He was never lacking for a high opinion of himself, which made his lack of Hollywood ascent particularly troubling for him.  Born in Austin, Texas, to a wealthy surgeon, he spent his early life completely adored, particularly by his socialite mother.  His father expected him to take up the family business but Scott had his eyes on acting.  He performed in local plays and then on Broadway and it was there in a performance in Those Endearing Young Charms that Jack Warner discovered him.  Scott could not have known then that he who giveth may also taketh away.

Director Jean Negulesco's moody film noir, 1944s The Mask of Dimitrios, was Scott's first film.  He played the title role, in flashback, of a cad who has been murdered with Peter Lorre on the trail.  Faye Emerson was Scott's leading lady in the first of their five films together.  The next year Scott was top-billed in Jean Renoir's The Southerner about a poor family trying to make a living off the land.  It was a respected offering but little-seen over the years.  Scott received good notices and why not?  It required good acting.  What did this effete Texan know about being poor?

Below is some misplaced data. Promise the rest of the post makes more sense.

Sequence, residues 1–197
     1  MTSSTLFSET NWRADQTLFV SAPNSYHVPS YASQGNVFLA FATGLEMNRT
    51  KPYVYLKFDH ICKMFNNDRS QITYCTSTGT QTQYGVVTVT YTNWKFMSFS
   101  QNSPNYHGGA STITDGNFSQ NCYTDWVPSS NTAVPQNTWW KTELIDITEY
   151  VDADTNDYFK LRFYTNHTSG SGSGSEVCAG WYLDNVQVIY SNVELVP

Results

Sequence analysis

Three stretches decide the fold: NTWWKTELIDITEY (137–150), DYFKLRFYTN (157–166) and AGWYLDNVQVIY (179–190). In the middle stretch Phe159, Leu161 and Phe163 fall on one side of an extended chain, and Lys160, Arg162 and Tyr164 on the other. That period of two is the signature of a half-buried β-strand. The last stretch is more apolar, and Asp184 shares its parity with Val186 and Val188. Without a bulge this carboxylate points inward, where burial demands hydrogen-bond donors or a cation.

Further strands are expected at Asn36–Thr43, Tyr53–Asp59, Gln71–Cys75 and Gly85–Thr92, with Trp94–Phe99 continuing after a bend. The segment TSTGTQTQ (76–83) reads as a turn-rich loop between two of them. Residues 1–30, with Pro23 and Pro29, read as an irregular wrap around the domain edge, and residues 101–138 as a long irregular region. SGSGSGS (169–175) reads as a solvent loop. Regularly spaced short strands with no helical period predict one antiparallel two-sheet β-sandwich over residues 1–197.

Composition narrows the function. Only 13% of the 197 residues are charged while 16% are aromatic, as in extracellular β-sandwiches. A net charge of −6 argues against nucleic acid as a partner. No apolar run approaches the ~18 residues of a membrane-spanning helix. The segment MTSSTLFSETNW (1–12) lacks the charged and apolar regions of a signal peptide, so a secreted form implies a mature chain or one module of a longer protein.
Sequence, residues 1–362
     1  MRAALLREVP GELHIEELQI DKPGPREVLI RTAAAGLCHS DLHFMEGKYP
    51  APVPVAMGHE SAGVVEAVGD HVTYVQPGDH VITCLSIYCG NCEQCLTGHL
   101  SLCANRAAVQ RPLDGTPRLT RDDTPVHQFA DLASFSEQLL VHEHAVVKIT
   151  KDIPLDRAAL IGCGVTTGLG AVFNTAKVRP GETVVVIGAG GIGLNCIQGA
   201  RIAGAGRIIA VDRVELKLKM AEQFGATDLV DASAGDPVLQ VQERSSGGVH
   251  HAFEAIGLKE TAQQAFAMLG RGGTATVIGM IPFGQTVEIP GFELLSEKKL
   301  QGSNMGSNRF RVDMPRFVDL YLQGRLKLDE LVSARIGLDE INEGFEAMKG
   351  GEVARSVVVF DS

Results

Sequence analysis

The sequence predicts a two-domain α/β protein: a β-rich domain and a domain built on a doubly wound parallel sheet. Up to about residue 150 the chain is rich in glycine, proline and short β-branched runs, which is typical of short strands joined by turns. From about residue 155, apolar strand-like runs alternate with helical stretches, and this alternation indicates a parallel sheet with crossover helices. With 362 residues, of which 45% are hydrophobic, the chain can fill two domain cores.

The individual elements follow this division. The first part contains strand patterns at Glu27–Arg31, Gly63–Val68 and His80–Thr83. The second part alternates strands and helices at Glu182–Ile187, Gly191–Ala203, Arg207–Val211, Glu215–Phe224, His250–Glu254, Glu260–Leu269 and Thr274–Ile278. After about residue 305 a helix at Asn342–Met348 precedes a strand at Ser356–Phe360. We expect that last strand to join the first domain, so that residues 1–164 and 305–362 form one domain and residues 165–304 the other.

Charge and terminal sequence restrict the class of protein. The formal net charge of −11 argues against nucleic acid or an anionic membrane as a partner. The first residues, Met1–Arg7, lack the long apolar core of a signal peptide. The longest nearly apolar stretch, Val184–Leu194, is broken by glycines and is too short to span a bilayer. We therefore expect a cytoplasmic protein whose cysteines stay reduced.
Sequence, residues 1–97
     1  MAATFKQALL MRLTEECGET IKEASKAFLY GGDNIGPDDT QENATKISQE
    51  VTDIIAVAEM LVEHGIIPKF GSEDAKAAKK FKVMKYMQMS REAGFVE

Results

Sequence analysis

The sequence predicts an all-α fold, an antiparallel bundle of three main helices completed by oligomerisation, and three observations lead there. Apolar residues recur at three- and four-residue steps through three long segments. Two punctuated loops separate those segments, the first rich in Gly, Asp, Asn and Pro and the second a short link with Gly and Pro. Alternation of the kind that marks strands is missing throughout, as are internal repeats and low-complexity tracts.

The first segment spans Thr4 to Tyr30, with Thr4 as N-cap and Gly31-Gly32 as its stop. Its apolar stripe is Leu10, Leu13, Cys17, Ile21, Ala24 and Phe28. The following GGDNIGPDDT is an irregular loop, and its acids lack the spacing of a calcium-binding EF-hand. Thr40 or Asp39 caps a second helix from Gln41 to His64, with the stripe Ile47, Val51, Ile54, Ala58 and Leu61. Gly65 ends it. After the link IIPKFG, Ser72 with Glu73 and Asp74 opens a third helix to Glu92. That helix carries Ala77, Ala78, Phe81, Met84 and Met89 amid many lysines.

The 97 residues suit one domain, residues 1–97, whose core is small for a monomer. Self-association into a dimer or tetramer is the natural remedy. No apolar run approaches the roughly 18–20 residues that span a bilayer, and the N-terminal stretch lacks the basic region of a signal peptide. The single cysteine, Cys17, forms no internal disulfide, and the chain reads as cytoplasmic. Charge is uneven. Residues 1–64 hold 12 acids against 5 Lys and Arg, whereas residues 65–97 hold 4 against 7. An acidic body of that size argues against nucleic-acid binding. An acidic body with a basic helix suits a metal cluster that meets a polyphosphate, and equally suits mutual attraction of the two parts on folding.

He was never better than in playing the heel in Mildred Pierce and it would set in motion the remainder of his good performances.  Never more comfortable than in wearing a smoking jacket and a cravat with an ever-present cigarette holder, his natural aristocratic bearing came through whether he played a wealthy character or not.  His next film, Danger Signal, again with Faye Emerson, had him deliciously playing a man who married and murdered women for their money. 

He must have chafed when assigned to take second billing to studio newcomer Dane Clarke in Her Kind of Man (1946) and Whiplash (1948), continuing his sleazy characters, which included another Crawford flick, Flamingo Road.  Rare good guy roles in Flaxy Martin (1949), as a lawyer hoodwinked by Virginia Mayo, and Born to be Bad (1950), as a wealthy man who leaves fiancee Joan Leslie for golddigger Joan Fontaine did little to enhance his career.

Scott, it seemed, was always out of money.  He spent lavishly and managed poorly.  Into his adult years he constantly borrowed money from his parents and rarely repaid it.  Too timid to ask them for money more than he did, he took to asking Jack Warner, usually an out-and-out loan, but sometimes advances on his salary.  Warner tired of this and didn't renew his contract.  Scott hid his bisexuality (primarily due to two marriages) a lot better than he hid his alcoholism.

He returned to Broadway, did plays in England and some television but they never provided enough money or acclaim for his high-brow tastes.  He returned to Austin, tail between his legs, and died there of brain cancer at age 51 in 1965.

A Brief Stay in the Limelight